I have seen cheap shoes look good and expensive shoes look terrible. More often than not, it is not so much about the components of the shoe as much as it is the execution of the design. But the design is made up of much more than one may think. Now, the idea of attraction is quite subjective but then again I just don’t think that it really is when it comes to being on a subconscious level. What I mean by that is even if you have these people who think that horrible shoes look good (block square toes, horrible winklepickers), when put next to a bespoke Japanese shoe or a pair of non-exaggerated Bestetti’s, no matter what they may say (putting aside the ego) one cannot help but feel attraction to what is nice and thus realize what is not. Whether or not they admit it is another story…. Okay so what makes the shoes attractive then? Well for me, there are 3 components that make up a shoes’ level of attraction:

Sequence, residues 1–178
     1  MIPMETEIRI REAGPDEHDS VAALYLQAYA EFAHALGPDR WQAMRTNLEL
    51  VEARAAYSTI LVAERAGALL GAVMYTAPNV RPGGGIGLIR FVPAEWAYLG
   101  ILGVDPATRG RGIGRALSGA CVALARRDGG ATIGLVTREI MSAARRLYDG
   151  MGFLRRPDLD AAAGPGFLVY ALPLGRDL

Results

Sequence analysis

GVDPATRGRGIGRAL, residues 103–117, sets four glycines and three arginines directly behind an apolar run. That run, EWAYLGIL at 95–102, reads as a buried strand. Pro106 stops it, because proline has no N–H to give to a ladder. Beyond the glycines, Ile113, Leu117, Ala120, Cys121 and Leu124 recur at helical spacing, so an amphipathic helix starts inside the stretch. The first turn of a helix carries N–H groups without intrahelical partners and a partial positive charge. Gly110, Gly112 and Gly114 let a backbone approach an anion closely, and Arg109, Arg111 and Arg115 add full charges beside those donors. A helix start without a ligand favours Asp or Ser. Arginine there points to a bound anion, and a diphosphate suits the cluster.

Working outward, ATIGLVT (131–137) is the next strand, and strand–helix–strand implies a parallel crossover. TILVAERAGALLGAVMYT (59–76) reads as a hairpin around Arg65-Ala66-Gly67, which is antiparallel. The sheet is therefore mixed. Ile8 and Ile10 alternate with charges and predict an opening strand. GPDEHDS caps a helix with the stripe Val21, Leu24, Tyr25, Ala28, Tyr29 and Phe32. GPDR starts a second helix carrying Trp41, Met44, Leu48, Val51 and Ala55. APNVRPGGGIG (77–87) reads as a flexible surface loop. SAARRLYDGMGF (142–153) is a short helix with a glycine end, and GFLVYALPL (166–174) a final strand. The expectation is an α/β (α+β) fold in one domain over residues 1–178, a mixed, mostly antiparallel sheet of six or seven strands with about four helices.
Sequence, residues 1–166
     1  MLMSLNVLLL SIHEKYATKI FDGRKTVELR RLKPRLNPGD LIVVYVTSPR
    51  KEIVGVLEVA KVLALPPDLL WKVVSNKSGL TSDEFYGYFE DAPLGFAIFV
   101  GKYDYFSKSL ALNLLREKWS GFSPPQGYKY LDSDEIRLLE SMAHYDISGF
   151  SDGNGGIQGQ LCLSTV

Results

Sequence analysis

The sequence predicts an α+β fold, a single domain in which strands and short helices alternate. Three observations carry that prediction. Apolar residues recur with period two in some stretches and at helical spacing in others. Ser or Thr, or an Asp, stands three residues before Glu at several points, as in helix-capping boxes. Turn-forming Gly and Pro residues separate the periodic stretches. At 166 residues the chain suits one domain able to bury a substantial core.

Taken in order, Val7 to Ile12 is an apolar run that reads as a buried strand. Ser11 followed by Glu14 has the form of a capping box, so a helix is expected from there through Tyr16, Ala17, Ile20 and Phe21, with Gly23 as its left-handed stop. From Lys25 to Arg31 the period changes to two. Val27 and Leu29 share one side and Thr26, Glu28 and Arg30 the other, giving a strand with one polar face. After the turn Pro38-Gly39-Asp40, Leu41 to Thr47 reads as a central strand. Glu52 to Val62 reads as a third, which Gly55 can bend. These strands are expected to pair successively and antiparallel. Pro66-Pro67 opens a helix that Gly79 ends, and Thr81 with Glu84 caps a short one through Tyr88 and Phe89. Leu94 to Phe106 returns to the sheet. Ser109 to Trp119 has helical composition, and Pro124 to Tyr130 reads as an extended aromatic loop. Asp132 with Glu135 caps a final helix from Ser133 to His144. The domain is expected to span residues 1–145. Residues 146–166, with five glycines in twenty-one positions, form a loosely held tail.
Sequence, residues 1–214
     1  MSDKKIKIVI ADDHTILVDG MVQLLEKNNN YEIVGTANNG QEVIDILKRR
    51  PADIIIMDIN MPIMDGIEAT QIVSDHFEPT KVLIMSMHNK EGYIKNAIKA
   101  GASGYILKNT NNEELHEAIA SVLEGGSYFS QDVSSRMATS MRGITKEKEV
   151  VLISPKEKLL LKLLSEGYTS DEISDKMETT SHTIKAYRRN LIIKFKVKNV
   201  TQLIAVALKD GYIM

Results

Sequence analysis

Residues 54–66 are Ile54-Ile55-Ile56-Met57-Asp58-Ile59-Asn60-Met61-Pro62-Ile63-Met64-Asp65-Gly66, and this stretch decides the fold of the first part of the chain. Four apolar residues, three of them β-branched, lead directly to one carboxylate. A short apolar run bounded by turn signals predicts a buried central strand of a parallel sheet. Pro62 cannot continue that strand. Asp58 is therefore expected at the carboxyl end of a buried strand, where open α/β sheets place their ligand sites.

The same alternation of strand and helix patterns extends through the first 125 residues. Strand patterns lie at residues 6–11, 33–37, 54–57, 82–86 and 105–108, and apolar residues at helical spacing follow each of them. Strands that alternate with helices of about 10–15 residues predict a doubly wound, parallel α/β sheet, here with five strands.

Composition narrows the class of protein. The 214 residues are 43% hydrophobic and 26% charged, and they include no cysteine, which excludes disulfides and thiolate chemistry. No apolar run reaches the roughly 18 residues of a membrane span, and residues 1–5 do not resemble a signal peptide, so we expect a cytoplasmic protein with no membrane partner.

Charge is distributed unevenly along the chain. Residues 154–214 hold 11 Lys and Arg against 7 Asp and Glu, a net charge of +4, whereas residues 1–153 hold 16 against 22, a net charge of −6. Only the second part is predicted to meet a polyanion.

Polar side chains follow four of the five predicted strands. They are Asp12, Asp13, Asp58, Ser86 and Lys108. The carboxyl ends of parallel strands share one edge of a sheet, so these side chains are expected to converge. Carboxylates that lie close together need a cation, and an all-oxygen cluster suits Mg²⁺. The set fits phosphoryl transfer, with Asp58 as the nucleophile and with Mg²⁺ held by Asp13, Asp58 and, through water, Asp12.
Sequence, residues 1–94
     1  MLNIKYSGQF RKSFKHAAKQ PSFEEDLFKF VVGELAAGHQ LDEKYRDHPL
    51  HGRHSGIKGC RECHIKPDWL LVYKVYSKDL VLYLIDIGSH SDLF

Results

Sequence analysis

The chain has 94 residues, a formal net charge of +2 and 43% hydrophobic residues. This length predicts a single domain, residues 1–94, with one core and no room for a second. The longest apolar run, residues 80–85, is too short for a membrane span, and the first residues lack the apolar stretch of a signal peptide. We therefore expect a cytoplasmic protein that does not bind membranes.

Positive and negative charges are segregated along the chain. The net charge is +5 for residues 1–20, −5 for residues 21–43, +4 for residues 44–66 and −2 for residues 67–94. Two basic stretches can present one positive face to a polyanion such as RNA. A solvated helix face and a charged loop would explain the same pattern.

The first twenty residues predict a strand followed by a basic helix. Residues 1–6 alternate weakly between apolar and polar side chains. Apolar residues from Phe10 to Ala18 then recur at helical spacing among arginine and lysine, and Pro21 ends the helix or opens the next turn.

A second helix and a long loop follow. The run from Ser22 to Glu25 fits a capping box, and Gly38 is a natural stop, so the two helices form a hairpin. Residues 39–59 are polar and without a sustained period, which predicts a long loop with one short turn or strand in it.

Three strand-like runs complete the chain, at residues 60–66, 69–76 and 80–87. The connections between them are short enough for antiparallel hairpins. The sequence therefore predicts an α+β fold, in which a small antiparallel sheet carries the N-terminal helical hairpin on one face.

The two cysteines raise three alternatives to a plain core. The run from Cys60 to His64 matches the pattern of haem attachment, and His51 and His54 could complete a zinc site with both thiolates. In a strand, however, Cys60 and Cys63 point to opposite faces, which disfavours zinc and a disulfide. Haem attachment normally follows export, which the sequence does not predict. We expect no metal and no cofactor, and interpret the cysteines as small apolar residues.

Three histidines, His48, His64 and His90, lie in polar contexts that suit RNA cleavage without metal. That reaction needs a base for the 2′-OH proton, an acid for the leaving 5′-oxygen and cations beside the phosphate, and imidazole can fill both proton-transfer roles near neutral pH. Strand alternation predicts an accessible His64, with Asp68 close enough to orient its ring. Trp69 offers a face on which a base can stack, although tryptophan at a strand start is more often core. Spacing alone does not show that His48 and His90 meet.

1. The Shape
For me, the shape is the first thing that makes a shoe beautiful. No matter how right you get everything else, if the shape is not right, the shoe is ugly. Why are we all attracted to bespoke samples (I would say bespoke shoes, but they are not always that attractive depending on the foot they are made for!)? A bespoke last is made to have shape, quite rightly so being as the foot has shape. It is not a block. And it curves in many places, not just the instep and the arch. The more that you show these natural curves, the more elegant the shoe will be. The less you show it and the more the shoe just looks like a blob the less likely it can be held as attractive. Sure it can be held as functional, but not attractive. There is nothing attractive about a bloated Rockport that has no shape. Let’s not lie here.